Besides being a prolific poetic playwright, William Shakespeare was rumored to be a randy rouge, a philanderer; an insatiable collector of women’s – as well as men’s – hearts. To wit, the portrayal of him in the 1998 film Shakespeare in Love starring Joseph Fiennes and Gwyneth Paltrow, with Dame Judi Dench as cranky Elizabeth I. Like the movie fictionalization of his romance with a noblewoman spawning Romeo and Juliet, The Tutor (February 2015) by Andrea Chapin verily tells the tale of Shakespeare’s Venus and Adonis, one of the most erotic poems in English literature. And while it helps to read the poem and know a few facts about The Bard’s early life, these aren’t necessary to fully appreciate Chapin’s debut novel.
In truth, Shakespeare, the son of a glover, married Anne Hathaway in 1582; he barely eighteen, she twenty-six and mighty with child. By 1585 they had had three children. But then, according to Chapin’s research, his wife literally kicked him out and our darling Will embarked to parts unknown. Some speculate that for a time between 1585 and 1592, when he emerged upon the London stages as an accomplished playwright, he was a schoolteacher for a wealthy Catholic family on their country estate – the basis of Chapin’s historical romance.
Enter the main protagonist, Katharine de L’Isle, the widowed thirty-one-year-old niece of beloved Sir Edward, living with her extended family at Lufanwal Hall. Her uncle teaches her to read and the consumption of books in his vast library becomes her vocation. With the banishment of Roman Catholicism (its followers considered traitors to the Queen) and the wanton slaughter of priests, the years 1590 to 1592 were trying times indeed. When the estate priest is killed, Katharine goes to the old chapel schoolhouse where she meets the new tutor, none other than William Shakespeare. She becomes his muse and inspiration as he writes Venus and Adonis. Will is handsome, charmingly confident, and while not a very good tutor, is quite talented as a writer. Kate, of course, is smitten and soon imagines herself his true love, thus paralleling the lines of the epic poem.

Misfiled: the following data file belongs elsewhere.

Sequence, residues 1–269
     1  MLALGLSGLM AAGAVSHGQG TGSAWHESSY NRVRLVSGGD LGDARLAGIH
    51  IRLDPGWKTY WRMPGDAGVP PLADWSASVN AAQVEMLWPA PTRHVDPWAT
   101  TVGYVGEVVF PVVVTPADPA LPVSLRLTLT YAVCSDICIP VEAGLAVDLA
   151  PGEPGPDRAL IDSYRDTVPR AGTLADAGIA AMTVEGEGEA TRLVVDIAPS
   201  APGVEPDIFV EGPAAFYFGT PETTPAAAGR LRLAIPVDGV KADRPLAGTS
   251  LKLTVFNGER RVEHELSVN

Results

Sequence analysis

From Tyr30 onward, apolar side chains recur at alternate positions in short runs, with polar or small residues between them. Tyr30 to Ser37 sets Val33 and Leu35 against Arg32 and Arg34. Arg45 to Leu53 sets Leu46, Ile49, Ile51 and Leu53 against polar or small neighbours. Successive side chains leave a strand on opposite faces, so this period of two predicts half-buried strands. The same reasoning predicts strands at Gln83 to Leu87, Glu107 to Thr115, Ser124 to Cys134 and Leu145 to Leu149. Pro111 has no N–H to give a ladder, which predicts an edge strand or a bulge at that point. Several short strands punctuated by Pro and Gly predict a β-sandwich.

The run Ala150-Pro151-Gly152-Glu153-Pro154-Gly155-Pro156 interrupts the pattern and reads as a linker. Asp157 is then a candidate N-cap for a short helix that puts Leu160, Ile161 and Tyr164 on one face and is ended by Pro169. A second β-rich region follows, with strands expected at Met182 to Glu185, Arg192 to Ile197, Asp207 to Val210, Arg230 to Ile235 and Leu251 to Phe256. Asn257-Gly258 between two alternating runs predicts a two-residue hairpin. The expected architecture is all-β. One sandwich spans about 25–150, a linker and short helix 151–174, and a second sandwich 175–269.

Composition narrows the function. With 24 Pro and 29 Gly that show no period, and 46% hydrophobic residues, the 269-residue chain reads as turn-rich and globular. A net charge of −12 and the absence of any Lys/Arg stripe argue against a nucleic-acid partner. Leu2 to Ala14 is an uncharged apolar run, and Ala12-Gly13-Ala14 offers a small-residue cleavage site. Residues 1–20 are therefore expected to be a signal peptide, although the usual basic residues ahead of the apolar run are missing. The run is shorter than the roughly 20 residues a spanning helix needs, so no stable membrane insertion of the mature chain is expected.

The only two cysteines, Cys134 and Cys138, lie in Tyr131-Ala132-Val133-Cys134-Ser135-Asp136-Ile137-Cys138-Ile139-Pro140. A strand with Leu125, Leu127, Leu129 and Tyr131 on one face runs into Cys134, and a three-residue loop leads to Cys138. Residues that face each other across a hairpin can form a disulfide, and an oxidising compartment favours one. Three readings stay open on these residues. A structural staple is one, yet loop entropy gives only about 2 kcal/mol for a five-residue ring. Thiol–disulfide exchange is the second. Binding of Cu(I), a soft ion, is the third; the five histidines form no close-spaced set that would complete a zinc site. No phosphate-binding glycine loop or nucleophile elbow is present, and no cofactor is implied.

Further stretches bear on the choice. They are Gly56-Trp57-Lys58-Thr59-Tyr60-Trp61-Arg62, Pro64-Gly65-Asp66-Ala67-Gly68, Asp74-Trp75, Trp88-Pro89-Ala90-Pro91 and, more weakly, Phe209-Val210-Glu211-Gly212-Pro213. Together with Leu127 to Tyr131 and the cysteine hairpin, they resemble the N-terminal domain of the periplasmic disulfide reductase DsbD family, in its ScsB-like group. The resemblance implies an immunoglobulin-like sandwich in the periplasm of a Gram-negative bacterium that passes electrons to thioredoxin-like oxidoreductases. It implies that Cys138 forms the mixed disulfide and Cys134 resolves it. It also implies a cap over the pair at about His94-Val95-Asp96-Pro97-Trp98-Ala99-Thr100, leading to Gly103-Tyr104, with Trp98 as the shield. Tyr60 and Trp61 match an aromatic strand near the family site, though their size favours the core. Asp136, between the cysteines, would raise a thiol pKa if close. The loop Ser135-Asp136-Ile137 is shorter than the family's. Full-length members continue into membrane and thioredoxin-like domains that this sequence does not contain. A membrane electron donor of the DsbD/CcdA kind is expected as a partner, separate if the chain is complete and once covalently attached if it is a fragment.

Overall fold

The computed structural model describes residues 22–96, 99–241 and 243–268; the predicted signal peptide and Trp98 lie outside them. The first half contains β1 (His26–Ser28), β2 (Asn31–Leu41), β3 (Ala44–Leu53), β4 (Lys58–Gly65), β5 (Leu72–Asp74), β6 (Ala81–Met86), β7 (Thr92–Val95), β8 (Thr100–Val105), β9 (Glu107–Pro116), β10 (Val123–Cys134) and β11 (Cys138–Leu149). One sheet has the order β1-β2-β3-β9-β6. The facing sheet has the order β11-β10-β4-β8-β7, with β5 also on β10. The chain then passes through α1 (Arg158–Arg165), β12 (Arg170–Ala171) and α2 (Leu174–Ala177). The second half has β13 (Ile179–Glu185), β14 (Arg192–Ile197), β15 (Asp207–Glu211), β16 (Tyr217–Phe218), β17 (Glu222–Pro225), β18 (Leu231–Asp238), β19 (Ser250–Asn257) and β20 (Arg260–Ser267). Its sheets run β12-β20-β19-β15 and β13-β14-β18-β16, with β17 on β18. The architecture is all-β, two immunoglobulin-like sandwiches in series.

An engaging novel, The Tutor borders on Harlequinesque formulaics, especially two-thirds through the complex, twisting plot line when Katharine graphically imagines her and Will making love. Like his fictionalized Adonis, Will is, in reality, a reluctant participant until Kate presses the issue, seemingly out of character for this otherwise strong and supposedly wise woman. What transpires afterwards and carries The Tutor to its not-so-surprising ending makes for a romping, rollicking good read. Chapin deftly couples family intrigues with Elizabethan era politics and marries them with accurate, detailed descriptions of daily life. Characters are richly and broadly drawn and her writing style mimics period dialect, sprinkled liberally with quick-witted turns of phrases that often parody The Bard himself.
Reviewed by June J. McInerney
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